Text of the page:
Harari people: are Semitic in origin and also known as Adare mainly living in Harar town in the eastern part of the country. They are specifically known for their two storey houses called gegar and for their very colorful traditional customs still worn by many Harari women to this day. In the past the Harari were known as great craft people, weavers, basket makers, and book binders.

The Cushitic speaking people of Ethiopia includes the Oromo, Somali, Agaw, Beja, Afar, Hadiya, Kambata, Gedeo and Konso.

The Oromo speaking oromiffa is believed to have migrated from the south and from present day Kenya. They were once nomadic pastoralists and skilled warrior horsemen. Today most are leading agrarian life and most of them are Muslims, Christians and animists in religion. They are also known for their egalitarian society which is based on the famous Gada system (age group system).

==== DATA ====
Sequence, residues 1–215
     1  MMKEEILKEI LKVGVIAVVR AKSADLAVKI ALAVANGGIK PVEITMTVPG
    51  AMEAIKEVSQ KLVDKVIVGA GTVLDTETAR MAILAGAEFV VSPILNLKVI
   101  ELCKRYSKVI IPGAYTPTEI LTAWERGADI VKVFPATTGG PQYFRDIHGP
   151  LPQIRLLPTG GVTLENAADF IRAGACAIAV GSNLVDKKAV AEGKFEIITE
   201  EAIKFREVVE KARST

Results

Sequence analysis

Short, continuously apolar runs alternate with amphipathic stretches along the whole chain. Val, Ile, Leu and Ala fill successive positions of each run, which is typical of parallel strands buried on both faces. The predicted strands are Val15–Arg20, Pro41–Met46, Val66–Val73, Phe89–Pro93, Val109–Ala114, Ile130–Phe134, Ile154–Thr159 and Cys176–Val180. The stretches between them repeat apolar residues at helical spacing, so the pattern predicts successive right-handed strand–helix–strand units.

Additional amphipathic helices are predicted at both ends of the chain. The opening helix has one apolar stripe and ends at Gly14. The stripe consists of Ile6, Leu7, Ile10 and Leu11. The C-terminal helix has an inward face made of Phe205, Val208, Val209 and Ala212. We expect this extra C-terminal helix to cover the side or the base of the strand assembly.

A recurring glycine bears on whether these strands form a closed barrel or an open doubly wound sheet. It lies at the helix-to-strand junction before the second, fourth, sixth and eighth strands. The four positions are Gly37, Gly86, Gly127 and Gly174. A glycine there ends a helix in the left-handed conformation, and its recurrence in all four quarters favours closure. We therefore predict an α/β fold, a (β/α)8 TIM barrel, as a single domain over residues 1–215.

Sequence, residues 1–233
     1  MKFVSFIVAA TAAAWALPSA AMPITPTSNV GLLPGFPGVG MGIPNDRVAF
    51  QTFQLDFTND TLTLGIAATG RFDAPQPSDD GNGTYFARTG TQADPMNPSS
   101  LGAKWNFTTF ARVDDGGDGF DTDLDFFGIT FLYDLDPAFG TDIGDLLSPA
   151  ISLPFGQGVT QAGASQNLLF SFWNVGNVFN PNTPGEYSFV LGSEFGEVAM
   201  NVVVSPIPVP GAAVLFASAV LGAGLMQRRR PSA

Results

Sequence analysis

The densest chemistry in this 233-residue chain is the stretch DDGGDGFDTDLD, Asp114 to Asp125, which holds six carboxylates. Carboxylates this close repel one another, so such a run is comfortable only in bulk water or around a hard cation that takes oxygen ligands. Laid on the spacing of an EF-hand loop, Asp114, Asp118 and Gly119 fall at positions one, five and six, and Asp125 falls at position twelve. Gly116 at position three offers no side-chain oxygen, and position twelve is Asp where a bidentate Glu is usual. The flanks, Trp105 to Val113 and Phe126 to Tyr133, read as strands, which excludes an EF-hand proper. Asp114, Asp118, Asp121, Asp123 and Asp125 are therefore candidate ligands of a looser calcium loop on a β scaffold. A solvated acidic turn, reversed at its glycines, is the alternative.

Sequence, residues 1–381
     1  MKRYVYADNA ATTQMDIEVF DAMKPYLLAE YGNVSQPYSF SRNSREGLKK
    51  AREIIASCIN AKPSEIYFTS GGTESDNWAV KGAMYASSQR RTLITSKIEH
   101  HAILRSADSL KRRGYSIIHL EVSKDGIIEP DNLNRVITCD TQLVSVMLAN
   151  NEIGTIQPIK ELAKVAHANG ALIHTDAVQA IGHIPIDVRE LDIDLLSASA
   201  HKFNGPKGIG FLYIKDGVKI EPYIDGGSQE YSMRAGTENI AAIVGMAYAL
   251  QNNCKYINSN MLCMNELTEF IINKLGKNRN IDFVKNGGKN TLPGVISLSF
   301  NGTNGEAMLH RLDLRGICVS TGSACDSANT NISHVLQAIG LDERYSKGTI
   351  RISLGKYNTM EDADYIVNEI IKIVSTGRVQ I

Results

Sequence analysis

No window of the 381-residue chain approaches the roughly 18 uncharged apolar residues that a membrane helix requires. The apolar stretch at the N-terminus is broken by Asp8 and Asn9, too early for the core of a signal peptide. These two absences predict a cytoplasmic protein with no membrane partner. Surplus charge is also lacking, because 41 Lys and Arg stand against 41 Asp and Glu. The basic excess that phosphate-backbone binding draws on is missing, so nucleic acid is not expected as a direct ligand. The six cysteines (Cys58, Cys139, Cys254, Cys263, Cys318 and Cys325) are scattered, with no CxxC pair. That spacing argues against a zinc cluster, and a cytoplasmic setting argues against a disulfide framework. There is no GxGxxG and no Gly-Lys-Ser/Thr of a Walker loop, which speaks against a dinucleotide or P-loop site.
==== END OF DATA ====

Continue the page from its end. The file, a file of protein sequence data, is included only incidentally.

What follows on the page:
The Oromo now make up the largest single nationality in Ethiopia.

The Somali: live mainly in the arid lowlands in the east and south eastern parts of the country and hence lead nomadic and semi nomadic existence. They are Muslims and strongly hierarchical and based on the clan system which requires intense loyalty from their members. In their harsh environment mainly due to fierce competition for resource lead to frequent clashes over grazing lands or water. The Somali mainly pastoralist people now found scattered in the country, Djibouti, Somalia and Kenya

Ethiopia People & Language